Plant Data Sheet



Whitebark Pine,

 Pinus albicaulis




Whitebark pine ranges from northern British Columbia to southern California. (1)


Climate, Elevation

Whitebark pine grows in a cold, windy, snowy, and generally moist climatic zone. In moist mountain ranges, whitebark pine is most abundant on warm, dry exposures. Conversely, in semiarid ranges, it becomes prevalent on cool exposures and moist sites. (2) Elevation ranges from 2350 to 2750 m. (1)


Local occurrence (where, how common)

Whitebark pine can grow on rocky ridges and bluffs but grows largest at lower elevations in protected ravines and canyons. (1)


Habitat preferences

Most whitebark pine stands grow on weakly developed (immature) soils. (1) (2)



Plant strategy type/successional stage (stress-tolerator, competitor, weedy/colonizer, seral, late successional)

Shade intolerant. (2)


Associated species

Engelmann spruce, lodgepole pine, subalpine fir, mountain hemlock, western white pine, and limber pine. (2)


May be collected as: (seed, layered, divisions, etc.)

Seed, stem cuttings, layering. (1) Grafting is easy on rootstock of either whitebark pine or western white pine. (2)


Collection restrictions or guidelines

The whitebark pine cones ripen in August and September; collect them when they turn from dark purple to a dull purple to brown by hand picking. They should be collected as soon as they are ripe. (1)


Seed germination (needs dormancy breaking?)

Stratify by soaking the seeds in water for one or two days, then placing them in a moist medium and keeping them at a temperature of 1-5°C for 90-120 days. Making a small cut in the seed coat to facilitate water uptake can enhance germination. (1)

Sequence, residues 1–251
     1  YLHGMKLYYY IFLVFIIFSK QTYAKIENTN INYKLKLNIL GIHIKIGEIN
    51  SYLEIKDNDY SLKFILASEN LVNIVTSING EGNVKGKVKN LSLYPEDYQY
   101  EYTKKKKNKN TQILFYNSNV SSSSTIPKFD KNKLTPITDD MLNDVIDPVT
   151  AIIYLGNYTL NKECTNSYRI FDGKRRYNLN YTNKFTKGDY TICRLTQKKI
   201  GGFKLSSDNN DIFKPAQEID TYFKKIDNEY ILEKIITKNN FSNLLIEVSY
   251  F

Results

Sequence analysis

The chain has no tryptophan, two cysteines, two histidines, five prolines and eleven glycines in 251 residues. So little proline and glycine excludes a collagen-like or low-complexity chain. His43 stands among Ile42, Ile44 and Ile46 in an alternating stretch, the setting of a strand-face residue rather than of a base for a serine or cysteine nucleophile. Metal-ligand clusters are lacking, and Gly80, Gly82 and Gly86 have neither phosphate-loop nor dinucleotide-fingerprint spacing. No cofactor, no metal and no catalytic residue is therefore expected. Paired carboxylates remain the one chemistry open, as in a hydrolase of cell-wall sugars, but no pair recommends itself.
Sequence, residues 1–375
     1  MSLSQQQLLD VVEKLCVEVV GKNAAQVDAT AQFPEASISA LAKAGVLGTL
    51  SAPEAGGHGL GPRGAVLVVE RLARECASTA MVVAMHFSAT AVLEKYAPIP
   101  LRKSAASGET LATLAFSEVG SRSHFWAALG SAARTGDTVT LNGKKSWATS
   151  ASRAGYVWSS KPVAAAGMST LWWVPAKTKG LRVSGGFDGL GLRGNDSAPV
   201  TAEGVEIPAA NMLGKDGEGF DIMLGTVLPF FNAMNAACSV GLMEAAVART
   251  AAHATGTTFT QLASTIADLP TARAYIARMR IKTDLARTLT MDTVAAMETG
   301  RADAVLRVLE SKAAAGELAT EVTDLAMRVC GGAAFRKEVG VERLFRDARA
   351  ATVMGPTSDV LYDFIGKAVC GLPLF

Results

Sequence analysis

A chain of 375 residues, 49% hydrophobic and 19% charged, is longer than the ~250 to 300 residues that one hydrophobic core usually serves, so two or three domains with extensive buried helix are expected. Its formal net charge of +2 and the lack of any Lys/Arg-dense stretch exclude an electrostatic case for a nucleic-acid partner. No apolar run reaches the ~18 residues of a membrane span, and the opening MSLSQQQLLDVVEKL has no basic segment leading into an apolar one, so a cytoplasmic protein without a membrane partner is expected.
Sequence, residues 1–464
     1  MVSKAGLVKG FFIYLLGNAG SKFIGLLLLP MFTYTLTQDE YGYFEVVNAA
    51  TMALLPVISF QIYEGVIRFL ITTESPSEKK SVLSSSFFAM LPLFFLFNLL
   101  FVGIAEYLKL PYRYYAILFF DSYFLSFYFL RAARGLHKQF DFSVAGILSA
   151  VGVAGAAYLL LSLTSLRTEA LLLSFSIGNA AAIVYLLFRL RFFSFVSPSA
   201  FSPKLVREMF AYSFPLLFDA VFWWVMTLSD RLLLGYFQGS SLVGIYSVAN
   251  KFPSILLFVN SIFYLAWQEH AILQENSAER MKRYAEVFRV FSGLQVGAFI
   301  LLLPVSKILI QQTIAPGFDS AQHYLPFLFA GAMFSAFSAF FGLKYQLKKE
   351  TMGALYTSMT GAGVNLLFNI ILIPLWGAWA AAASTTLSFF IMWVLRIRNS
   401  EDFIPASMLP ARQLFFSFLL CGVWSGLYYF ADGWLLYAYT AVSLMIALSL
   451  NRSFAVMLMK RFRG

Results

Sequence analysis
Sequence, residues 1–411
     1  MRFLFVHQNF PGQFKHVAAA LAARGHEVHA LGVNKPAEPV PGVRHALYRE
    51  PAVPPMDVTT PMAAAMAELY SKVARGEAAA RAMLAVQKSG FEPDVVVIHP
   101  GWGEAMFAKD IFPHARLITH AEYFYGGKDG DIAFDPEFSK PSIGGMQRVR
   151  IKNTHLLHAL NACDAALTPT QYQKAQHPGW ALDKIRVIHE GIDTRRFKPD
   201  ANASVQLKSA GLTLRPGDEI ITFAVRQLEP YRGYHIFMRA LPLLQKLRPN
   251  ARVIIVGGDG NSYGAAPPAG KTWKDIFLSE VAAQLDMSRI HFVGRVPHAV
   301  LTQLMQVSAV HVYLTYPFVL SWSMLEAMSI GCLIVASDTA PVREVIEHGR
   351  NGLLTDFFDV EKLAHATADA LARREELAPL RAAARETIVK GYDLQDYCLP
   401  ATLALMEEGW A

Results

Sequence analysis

Seed life (can be stored, short shelf-life, long shelf-life)

Can be stored for long-term in proper condition. (1)


Recommended seed storage conditions

Dry the seeds to a moisture content of 5-10% and keep at -17 to -15°C for long-term storage and 1-5°C for short-term storage. (1)


Propagation recommendations (plant seeds, vegetative parts, cuttings, etc.)

Collect cones, separate seeds, plant seeds. Grafting on whitebark pine or western white pine stock could be easy. (1) Cuttings should not be taken from trees older than five years. (2)


Soil or medium requirements (inoculum necessary?)

Sow the seeds at depth of 1.3 cm directly in nursery beds with well-aerated, fertile soil that allows for adequate drainage. (1)


Installation form (form, potential for successful outcomes, cost)

Seeds, container-plants grown from seeds, stem cuttings, grafting plants. (1), (2)


Recommended planting density

4,850-6,615 seeds per kilogram. (1)


Care requirements after installed (water weekly, water once, never water, etc.)

Outplant seedling as 2 or 3 years’ old. (1)


Normal rate of growth or spread; lifespan

Whitebark pine is a long-lived, slow-growing tree. The trees often reach four to seven hundred years of age while grow 60-90 cm in diameter and reach only 2-15 m in height. (1)


Sources cited


(1). Rose, R., C. Chachulski and D. Haase.  1996.  Propagation of Pacific Northwest Native Plants: A Manual, Volume Two, First Edition.  Nursery Technology Cooperative, Oregon State University, Corvallis, Oregon, 205-206 p.


 (2). Burns, R. and B. Honkala 1990.  Silvics of North America, Volume 1, Conifers.  Agricultural Handbook 654.  U.S. Department of Agriculture, Forest Service, Washington, D. C.


Data compiled by: Yongjiang Zhang, 11 June 2003